It is far better for doctors to become familiar with, say, six drugs in each category than to jump into prescribing the latest preparation as soon as it comes on the market. That is usually twice or three times, or even more expensive, than the one it replaces. The industry, of course, points out that doctors in the United Kingdom are already slower than other countries to prescribe new products. That is because our prescribing habits are more rational than those of other countries; it is not that we are dragging our feet particularly. Although, regrettably, doctors and general practitioners in particular receive their most persistent postgraduate pharmaceutical education from drug reps and drug lunches—as we know, there is no such thing as a free lunch—despite that, they retain a healthy scepticism. Perhaps not enough, in my view, but enough to make our prescribing habits more economical than those of France, Germany and many other countries, as the advertising campaign of the ABPI, for example, in the House Magazine week by week clearly points out.

The remarks of the noble Lord, Lord Jenkin, have already been quoted from the debate two weeks ago. He made a good case against the limited list which was produced in 1985 by the Government. But in so doing, I think he made a good case—perhaps without meaning to—for generic substitution, which is another cost containing method. When a proprietary or trade name drug is prescribed, the pharmacist is then permitted to dispense a generic equivalent of the drug manufactured by any firm when the patent period of that drug has expired. That will usually be cheaper. It is the method of cost reduction which was recommended by the Department of Health's Greenfield Committee in 1983 but which the Government were persuaded by the industry to reject.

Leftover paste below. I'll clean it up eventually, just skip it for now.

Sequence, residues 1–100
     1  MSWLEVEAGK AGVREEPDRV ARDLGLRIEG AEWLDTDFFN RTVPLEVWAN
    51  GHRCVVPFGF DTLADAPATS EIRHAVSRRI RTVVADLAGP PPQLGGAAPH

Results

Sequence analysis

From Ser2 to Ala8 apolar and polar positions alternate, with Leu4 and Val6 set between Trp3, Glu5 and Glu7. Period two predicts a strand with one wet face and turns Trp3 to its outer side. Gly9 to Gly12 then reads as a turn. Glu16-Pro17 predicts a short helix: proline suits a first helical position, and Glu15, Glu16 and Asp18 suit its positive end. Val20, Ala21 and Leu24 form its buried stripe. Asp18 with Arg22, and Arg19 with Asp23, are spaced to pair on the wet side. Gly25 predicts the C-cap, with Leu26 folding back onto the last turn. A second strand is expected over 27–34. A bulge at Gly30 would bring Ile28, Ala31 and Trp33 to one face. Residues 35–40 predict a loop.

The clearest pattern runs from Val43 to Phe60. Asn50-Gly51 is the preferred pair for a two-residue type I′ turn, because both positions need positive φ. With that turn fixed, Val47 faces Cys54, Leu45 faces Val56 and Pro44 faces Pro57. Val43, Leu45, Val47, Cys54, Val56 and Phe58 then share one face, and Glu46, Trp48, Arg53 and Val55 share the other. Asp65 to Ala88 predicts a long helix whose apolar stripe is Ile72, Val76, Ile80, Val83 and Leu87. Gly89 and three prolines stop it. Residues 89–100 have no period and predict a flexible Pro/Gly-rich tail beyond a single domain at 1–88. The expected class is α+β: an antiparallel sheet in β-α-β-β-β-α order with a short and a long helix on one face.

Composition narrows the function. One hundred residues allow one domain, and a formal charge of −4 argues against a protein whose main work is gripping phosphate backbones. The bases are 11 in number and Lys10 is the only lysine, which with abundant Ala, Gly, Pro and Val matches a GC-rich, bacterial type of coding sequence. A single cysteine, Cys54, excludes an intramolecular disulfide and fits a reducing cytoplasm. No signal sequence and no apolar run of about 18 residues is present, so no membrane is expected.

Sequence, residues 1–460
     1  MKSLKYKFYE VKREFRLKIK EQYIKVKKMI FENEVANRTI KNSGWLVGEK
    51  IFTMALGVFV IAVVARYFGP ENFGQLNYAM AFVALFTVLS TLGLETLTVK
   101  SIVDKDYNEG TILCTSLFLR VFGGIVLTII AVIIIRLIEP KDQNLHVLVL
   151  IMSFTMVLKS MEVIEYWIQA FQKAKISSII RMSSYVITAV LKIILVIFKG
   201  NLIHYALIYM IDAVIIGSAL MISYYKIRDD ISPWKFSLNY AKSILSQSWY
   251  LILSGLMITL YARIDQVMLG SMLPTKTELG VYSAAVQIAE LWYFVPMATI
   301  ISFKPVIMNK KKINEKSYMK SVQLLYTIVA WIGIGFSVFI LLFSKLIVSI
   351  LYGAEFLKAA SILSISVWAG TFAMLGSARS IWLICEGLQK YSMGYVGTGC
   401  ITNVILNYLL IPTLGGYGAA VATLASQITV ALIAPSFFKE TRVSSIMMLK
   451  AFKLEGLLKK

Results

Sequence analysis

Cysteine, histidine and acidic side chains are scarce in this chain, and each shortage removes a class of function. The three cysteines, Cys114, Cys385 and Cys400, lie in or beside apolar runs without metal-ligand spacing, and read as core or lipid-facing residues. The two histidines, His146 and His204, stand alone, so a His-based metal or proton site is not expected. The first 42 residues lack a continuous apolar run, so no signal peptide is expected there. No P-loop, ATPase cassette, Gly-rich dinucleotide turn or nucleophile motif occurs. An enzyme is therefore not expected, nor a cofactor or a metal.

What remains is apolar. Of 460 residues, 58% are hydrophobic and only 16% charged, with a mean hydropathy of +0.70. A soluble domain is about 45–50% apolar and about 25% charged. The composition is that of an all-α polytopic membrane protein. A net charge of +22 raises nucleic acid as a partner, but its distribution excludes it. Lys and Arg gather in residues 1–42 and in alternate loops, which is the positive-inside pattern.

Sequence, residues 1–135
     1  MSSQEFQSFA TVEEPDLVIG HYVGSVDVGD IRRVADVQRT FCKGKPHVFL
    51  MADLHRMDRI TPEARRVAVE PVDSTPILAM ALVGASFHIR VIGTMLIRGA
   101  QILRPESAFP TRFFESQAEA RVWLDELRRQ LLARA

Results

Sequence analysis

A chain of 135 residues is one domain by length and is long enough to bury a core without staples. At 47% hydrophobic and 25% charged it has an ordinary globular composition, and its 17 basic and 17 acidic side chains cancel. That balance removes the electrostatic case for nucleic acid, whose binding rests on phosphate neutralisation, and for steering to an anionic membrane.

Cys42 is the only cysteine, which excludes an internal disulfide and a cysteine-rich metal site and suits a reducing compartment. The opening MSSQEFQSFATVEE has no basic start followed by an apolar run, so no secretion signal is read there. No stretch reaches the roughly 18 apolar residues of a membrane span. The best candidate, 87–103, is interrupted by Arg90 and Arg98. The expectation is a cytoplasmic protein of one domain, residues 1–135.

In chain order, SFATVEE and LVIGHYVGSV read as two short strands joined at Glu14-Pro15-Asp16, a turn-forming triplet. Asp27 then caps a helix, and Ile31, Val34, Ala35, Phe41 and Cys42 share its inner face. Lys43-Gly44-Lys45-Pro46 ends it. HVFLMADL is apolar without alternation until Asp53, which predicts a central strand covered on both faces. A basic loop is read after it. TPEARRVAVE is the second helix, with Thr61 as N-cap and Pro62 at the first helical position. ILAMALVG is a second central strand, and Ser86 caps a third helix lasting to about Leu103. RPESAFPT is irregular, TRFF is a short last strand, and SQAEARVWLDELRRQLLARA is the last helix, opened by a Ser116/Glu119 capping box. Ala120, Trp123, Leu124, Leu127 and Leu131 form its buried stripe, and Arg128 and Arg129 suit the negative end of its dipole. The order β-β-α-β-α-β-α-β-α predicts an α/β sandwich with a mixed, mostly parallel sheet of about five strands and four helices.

Since all hospitals in the National Health Service substitute generically, as do the United States and Germany, there is no real objection to this, especially if when prescribing the doctor may insist on the proprietary drug if there is a special indication for it. But that is quite rare.

A disincentive to prescribing generically is that the names are far longer and more difficult to write—a problem when a doctor is seeing many patients. I am told that the pharmaceutical industry dominates the naming committee for generics. For example, Ponstan, which is quite a well-known analgesic and anti-inflammatory, is Mefenamic acid in generic terms (13 letters to write instead of seven) and Co-amilofruse is the generic term for Frumil (12 letters as against six).

There are several other methods for cutting costs. One method which the Government have introduced but have not yet fully capitalised upon is the PACT scheme (prescribing analysis and costs) under which all GPs get details every quarter of all the drugs they have prescribed and the costs. I do not think that that excellent educative tool has yet been sufficiently exploited. Teachers of pharmacology in medical schools should be allowed greater access to this mass of data. At present it is highly confidential. No names need to be given, but it could be made use of for research and teaching. My own family health service authority has, however, introduced "prescribing fora" in which groups of GPs discuss their PACT returns in groups with the pharmaceutical advisers of the FHSA. I attended the initial series of meetings and found them very helpful.